composite view is just a general term for most page views you see when
you visit a Plone site. It includes all content item views, content folder
views, and many template views. For our purposes, the distinguishing
characteristic of composite views is the difficulty inherent in keeping track
of all changes that might affect the final composited view. Because of the
difficulty of dependancy tracking, composite views are often notoriously
difficult to purge reliably from caching proxies so the default caching
profiles set headers which expire the cache immediately (i.e. weak caching).
Also, when using Squid as a caching proxy, we can still see some additional speed improvement as Squid supports conditional requests to the backend and 304 responses from plone.app.caching are relatively quick. This means that even though the proxy cache will expire immediately, Squid can revalidate its cache relatively quickly. Varnish does not currently support conditional requests to the backend.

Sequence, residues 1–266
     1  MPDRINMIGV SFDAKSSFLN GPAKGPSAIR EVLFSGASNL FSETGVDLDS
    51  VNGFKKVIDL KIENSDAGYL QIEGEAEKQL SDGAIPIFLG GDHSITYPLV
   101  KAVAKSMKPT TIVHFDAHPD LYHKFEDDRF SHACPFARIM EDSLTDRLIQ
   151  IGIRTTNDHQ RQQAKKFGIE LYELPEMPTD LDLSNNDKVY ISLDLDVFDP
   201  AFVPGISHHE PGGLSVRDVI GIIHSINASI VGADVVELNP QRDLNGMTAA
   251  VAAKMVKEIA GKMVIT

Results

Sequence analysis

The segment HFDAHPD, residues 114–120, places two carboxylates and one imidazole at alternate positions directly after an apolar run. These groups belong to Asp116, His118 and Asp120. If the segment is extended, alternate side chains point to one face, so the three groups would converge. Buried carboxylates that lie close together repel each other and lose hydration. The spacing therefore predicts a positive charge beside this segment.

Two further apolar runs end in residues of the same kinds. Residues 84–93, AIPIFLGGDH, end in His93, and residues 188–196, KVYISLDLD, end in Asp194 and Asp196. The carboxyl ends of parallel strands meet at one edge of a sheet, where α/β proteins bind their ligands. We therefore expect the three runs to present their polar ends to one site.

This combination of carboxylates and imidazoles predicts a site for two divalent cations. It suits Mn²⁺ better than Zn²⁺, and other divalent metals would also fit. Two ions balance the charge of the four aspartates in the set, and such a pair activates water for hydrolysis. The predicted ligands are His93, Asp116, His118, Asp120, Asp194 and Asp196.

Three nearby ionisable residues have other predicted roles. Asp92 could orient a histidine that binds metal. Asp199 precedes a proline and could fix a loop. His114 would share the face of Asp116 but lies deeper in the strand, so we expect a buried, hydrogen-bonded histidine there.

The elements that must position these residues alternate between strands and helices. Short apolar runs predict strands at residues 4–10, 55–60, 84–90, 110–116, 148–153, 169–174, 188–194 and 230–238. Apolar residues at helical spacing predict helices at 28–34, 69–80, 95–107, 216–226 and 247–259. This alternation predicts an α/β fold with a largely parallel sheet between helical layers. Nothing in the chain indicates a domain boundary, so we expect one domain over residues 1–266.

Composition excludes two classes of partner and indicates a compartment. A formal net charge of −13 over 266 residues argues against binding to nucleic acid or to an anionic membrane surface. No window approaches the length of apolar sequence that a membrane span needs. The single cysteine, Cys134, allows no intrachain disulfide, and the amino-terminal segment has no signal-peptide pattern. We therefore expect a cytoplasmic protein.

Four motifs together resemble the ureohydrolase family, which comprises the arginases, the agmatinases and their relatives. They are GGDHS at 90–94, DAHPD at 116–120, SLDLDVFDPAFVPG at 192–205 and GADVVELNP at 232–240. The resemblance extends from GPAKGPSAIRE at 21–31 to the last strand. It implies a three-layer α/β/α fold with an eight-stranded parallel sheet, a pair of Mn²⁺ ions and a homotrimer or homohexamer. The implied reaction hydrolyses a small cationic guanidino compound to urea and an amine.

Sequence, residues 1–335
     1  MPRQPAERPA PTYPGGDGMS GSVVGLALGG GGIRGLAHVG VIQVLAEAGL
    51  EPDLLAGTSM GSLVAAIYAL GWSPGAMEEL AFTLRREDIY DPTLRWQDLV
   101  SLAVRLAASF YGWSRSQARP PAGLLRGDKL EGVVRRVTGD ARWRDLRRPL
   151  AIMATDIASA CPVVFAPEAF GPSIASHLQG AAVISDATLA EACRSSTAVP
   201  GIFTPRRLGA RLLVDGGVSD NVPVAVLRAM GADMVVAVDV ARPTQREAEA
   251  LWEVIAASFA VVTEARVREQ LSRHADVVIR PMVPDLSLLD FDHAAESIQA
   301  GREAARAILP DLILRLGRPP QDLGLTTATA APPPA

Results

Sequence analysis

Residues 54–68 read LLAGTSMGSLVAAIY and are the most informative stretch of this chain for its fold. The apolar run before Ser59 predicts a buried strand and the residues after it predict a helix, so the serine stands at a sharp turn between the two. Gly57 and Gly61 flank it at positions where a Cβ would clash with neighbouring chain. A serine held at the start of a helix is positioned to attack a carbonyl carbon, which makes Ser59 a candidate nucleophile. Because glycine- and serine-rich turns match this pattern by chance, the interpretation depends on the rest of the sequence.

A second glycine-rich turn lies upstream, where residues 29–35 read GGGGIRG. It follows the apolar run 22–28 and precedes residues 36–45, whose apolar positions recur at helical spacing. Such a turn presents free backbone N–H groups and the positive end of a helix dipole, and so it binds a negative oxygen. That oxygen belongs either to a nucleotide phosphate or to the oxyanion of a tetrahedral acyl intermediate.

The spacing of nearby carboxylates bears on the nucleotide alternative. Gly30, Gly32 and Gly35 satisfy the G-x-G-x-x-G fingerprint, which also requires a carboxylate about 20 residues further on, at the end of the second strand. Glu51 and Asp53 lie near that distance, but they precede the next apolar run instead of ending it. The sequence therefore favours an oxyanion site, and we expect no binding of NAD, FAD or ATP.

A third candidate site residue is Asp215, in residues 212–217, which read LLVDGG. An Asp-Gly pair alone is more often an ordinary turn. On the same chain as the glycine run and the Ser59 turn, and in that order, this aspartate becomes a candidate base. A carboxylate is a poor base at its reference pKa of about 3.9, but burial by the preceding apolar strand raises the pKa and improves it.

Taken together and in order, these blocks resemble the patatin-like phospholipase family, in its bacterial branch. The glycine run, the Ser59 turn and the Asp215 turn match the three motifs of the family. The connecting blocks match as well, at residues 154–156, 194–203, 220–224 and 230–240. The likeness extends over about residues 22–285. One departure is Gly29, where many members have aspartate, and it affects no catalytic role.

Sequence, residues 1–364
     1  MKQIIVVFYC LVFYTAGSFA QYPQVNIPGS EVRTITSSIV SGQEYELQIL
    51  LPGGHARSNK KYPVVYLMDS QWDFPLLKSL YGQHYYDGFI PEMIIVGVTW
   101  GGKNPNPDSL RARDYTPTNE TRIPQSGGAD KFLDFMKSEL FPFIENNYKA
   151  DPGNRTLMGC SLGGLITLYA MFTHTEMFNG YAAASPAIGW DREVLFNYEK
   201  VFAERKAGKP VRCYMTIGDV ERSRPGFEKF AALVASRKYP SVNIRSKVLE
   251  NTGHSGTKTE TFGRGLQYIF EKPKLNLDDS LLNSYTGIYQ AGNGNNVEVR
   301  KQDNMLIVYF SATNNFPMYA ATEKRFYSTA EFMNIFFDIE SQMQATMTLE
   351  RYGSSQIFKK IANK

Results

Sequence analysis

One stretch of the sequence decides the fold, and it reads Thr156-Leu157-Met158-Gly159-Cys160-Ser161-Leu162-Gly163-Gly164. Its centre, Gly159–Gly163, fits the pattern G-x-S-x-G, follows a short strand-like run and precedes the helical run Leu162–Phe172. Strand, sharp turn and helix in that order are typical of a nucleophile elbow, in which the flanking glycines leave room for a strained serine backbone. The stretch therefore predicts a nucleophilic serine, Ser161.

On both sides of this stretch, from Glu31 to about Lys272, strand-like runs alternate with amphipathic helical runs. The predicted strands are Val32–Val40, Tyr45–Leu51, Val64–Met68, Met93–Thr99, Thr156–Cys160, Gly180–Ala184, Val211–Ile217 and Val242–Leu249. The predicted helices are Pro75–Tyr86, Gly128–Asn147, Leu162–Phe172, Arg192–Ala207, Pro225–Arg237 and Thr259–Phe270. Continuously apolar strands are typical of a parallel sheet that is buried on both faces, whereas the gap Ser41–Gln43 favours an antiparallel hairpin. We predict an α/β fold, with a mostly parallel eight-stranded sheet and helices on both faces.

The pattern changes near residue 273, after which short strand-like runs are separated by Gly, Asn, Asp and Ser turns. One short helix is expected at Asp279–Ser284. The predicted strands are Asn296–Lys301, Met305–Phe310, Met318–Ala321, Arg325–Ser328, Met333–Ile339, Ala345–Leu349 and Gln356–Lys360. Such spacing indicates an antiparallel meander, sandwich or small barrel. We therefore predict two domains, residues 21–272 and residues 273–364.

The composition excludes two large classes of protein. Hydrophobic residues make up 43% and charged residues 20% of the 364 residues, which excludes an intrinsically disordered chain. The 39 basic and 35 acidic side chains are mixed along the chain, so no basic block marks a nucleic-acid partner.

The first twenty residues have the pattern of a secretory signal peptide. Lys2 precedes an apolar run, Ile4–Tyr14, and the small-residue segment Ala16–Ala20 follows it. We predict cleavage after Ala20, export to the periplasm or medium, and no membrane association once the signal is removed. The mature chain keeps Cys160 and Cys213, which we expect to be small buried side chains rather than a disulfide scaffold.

For relatively stable composite views or for those views for which you can
tolerate some potential staleness, you might be tempted to try switching from
weak caching to moderate caching with the
value set to some tolerable value but first make sure you understand the
issues regarding “split view” caching (see below).